He also said the case has “destroyed my life.”
“I’ve been nothing but wronged since this started,” said Taylor, who marked 20 years of employment with Continental in August. He said the case has prevented him from gaining citizenship in the United States, where he has lived since age 3.
Continental defence lawyer Metzner, who argued that a fire broke out on the Concorde even before it reached the runway debris, said the ruling “protects only the interests of France.
“This has strayed far from truth, law and justice,” he said. “This has privileged purely national interests.”
Continental spokesman Nick Britton also said in a statement that the airline disagrees with the “absurd finding” against it and Taylor.
“Portraying the metal strip as the cause of the accident — and Continental and one of its employees as the sole guilty parties — shows the determination of the French authorities to shift attention and blame away from Air France,” he said, noting that Air France was state-run at the time.
Continental faces no other court or other government action over the Concorde crash.
Roland Rappaport, a lawyer for the family of Concorde pilot Christian Marty and a pilots union, said the verdict was “incomprehensible” and asked why blame was heaped on Continental mechanics when French officials were aware of weaknesses on the Concorde around two decades before the crash.
“This trial made clear that the Concorde, this superb plane, suffered from severe technical insufficiencies, problems with the fuel tanks that were known since ’79,” he said.
The fine ordered for Continental surpassed the C175,000 ($231,000) fine sought by a state prosecutor, who had requested 18-month suspended prison sentences for both Taylor and Ford.
The prosecution also had requested a two-year suspended sentence for Henri Perrier, former head of the Concorde program at former plane maker Aerospatiale. It argued for the acquittal of Aerospatiale engineer Jacques Herubel and Claude Frantzen, former chief of France’s civil aviation authority.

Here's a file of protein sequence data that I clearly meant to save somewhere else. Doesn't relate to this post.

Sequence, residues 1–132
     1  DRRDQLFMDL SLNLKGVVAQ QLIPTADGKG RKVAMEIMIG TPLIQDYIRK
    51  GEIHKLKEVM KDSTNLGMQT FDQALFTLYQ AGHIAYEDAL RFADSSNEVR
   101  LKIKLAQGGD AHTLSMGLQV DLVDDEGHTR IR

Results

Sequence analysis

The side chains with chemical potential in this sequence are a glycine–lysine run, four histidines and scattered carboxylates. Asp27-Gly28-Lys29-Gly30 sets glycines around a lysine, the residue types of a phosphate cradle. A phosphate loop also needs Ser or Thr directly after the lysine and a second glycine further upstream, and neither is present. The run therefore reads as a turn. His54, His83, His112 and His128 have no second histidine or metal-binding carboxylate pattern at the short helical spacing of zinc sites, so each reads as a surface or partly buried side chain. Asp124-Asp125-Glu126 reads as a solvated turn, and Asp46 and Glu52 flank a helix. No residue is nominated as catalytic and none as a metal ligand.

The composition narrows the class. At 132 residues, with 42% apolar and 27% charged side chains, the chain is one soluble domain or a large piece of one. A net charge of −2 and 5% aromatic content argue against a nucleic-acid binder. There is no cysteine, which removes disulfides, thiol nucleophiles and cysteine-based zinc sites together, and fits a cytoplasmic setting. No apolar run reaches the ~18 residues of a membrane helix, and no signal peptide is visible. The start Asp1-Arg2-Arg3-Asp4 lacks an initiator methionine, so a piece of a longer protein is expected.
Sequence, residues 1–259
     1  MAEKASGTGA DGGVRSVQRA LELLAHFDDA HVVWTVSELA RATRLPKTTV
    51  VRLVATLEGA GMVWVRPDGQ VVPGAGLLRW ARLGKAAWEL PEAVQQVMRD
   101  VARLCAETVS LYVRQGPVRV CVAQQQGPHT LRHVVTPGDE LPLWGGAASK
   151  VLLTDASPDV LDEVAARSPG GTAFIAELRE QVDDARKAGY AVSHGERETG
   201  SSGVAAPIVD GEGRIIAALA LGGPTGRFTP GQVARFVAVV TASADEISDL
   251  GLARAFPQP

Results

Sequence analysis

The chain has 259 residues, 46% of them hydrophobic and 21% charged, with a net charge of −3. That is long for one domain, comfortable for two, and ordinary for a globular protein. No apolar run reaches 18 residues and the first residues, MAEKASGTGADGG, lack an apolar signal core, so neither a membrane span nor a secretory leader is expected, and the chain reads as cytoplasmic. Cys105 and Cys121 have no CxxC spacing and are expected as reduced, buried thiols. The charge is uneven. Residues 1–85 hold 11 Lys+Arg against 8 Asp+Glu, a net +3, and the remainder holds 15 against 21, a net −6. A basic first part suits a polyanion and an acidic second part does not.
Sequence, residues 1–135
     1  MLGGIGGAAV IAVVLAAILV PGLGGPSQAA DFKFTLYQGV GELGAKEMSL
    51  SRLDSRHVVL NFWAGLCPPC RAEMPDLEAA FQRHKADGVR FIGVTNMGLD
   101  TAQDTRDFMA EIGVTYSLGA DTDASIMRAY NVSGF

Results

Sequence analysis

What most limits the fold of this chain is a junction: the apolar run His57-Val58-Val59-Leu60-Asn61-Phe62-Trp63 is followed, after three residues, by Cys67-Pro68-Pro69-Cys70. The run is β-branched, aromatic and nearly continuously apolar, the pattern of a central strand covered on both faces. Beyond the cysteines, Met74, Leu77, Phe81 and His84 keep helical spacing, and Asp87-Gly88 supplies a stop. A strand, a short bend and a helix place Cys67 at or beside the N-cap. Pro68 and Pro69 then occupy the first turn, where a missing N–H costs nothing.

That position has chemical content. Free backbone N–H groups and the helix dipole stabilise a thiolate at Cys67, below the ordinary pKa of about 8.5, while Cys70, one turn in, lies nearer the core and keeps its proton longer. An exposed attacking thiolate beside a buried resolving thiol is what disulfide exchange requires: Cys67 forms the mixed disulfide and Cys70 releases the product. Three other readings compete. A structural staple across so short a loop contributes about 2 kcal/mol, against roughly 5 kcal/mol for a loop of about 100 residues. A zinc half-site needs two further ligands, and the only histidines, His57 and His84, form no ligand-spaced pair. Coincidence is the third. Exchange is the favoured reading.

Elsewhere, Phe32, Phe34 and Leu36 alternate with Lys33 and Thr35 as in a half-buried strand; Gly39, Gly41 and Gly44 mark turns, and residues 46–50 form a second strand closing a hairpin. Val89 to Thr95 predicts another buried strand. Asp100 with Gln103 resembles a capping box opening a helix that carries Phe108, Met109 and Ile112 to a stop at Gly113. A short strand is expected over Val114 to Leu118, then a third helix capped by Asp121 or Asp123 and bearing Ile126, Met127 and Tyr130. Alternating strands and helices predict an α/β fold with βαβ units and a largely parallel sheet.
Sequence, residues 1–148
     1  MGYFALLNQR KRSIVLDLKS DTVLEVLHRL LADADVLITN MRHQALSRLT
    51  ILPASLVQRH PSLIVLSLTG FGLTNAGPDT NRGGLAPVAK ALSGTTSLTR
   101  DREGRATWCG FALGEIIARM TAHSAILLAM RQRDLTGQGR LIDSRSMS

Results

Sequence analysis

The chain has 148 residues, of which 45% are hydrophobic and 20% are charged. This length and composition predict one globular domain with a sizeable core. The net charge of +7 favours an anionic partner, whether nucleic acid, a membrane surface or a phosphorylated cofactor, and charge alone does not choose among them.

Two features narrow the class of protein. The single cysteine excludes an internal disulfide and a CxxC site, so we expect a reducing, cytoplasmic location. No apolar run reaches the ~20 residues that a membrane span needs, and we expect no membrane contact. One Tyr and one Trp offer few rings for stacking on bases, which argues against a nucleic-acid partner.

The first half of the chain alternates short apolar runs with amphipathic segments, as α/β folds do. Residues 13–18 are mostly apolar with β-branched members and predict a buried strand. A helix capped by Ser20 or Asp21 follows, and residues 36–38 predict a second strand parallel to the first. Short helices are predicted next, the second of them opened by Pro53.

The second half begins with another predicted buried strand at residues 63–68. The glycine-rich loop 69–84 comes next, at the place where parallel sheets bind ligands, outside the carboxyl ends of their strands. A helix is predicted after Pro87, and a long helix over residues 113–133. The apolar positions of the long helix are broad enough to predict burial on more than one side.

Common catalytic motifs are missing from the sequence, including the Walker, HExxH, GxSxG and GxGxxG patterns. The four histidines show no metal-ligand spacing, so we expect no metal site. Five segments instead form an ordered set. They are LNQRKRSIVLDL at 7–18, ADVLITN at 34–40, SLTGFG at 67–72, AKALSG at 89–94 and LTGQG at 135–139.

Though both Aerospatiale employees were cleared of manslaughter charges, the court ruled that European defence giant and Airbus parent company EADS, which absorbed Aerospatiale, did bear some civil responsibility, which is why the French branch of the company was ordered to pay a share of damages.
Parties including Air France and Continental compensated the families of most victims years ago, so financial claims were not the trial’s focus — the main goal was to assign responsibility.
Continental is now part of Chicago-based United Continental Holdings Inc., which was formed in October as the holding company owner of United and Continental airlines, which will eventually be combined into a single airline.
In France, unlike in many other countries, plane crashes routinely lead to trials to assign criminal responsibility. It is common for cases to drag on for years.
Last year, France’s highest court finally confirmed the acquittal of all those originally accused of responsibility in an Air Inter crash that killed 87 people in 1992 — or 17 years earlier.
Kirsten Grieshaber in Berlin and Diana Heidgerd in Dallas, Texas, contributed to this report.